ESA's comet chasing spacecraft has successfully woken up after hibernating for two-and-a-half years.

Launched by the European Space Agency in 2004, Rosetta has been on-course to a comet known as '67P/Churyumov–Gerasimenko' where it will conduct a number of experiments and land a robot on the surface.

Due to the length of the trip and because the probe relies on solar rather than nuclear power, the spacecraft had been effectively 'put to sleep' for a period of 31 months to help conserve its energy.

Now after a long and agonizing wait scientists have finally received a signal to say that it has successfully awoken from its hibernation as it prepares for the final few months of its approach.

Rosetta's destination is a comet that is thought to be 4.6 billion years old and comes from a time before the Earth even existed and the sun was in its infancy. Scientists hope that by investigating the comet they will be able to find clues to help explain what took place in the earliest days of our solar system such as how the Earth and the other planets originally formed.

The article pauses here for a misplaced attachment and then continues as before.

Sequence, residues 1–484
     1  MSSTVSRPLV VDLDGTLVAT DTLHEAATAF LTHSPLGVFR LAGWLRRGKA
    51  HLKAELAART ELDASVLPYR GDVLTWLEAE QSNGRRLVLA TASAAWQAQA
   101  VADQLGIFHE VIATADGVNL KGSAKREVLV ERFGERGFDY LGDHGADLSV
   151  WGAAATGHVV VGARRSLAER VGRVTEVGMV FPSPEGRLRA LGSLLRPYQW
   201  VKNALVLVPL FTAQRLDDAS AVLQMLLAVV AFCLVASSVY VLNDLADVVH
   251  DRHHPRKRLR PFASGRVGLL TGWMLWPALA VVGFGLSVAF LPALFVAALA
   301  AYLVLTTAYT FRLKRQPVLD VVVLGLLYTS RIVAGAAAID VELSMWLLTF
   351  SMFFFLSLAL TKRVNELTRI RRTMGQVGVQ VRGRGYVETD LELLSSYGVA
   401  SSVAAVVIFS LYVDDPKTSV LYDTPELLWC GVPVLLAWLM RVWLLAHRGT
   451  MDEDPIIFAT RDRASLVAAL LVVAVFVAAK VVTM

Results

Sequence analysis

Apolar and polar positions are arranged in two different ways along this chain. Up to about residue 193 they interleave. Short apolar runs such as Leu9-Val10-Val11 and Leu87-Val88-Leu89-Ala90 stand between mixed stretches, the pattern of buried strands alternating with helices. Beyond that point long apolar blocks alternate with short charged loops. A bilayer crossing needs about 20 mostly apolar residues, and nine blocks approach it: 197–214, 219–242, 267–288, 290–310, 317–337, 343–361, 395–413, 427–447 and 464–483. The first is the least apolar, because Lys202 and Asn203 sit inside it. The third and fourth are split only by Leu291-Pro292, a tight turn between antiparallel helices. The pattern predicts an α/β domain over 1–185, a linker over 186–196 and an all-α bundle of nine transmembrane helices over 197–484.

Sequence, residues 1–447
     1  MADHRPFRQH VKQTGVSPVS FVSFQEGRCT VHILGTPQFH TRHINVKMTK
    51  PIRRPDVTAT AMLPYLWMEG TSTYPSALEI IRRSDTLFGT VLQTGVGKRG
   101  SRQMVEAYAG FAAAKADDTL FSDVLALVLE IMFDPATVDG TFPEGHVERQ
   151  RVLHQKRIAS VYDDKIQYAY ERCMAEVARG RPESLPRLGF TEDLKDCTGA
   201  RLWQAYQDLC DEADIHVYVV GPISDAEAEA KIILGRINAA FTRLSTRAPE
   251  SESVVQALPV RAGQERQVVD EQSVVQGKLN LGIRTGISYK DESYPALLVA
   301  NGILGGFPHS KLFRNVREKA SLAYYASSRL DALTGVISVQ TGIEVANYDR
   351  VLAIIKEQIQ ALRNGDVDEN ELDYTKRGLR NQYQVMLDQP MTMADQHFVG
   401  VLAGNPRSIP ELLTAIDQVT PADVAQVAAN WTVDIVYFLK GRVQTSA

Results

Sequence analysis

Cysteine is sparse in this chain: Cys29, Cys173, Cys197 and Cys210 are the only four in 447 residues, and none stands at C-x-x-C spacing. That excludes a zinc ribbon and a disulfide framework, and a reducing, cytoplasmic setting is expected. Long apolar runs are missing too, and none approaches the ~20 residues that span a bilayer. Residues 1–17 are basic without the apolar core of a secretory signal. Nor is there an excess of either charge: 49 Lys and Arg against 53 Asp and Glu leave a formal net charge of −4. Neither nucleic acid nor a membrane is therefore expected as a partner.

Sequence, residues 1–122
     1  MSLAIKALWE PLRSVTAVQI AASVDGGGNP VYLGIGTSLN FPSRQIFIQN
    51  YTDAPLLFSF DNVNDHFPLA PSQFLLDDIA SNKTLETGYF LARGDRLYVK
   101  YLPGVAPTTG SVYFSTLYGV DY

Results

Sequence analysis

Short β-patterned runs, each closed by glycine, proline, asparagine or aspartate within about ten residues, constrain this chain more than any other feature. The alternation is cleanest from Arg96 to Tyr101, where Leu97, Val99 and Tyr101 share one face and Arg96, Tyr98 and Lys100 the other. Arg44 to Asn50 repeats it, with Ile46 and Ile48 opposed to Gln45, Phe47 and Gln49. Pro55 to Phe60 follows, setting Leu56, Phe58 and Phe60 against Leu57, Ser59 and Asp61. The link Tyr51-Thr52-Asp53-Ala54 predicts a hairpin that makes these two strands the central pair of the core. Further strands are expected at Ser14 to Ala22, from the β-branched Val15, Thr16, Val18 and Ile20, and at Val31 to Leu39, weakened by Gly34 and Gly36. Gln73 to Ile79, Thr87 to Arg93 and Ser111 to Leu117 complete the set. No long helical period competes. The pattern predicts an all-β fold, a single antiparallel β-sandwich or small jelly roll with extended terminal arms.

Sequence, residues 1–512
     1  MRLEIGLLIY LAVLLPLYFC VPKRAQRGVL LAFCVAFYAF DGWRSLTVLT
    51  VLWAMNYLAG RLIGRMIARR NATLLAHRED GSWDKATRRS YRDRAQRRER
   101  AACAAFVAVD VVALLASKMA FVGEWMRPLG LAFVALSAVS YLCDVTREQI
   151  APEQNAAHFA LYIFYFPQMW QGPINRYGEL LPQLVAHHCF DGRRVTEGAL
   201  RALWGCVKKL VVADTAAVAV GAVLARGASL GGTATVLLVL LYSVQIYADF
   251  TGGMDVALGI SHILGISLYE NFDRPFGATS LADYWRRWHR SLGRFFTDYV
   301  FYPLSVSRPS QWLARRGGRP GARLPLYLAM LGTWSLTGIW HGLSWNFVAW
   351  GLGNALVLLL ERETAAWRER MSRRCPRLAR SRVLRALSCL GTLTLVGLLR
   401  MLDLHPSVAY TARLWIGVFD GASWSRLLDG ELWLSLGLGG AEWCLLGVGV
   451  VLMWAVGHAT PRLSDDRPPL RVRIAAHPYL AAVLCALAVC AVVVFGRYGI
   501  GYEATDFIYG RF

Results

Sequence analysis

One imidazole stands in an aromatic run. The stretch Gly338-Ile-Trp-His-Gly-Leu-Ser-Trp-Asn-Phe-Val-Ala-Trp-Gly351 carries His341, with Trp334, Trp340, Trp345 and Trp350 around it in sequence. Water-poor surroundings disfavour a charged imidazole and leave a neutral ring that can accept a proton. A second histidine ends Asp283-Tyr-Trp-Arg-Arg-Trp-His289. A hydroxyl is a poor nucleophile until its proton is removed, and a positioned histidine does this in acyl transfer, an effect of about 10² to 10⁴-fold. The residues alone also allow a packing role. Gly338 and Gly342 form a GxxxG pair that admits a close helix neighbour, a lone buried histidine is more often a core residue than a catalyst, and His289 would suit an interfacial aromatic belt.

Giant blue diamond unearthed in South Africa

A rare and highly valuable blue diamond has been found in South Africa's famous Cullinan mine.

The remarkable blue 29.6-carat diamond was extracted by Petra Diamonds and could be worth almost $20 million. Blue diamonds are more rare and valuable than regular diamonds with Cullinan mine being one of the world's best known sources.

"This stone is one of the most exceptional stones recovered at Cullinan during Petra's operation of the mine," said a company spokesman. "The stone is an outstanding vivid blue with extraordinary saturation, tone and clarity, and has the potential to yield a polished stone of great value and importance."

A similar diamond was unearthed back in 2009 and fetched $10 million at auction. The mine was also the place from which the famous 'Star of Africa' blue diamond originated, a 530-carot stone that was presented to King Edward VII and ended up as part of Britain's crown jewels.

Older brains slower due to knowing so much

An older person takes longer to remember things because their brain contains so much information.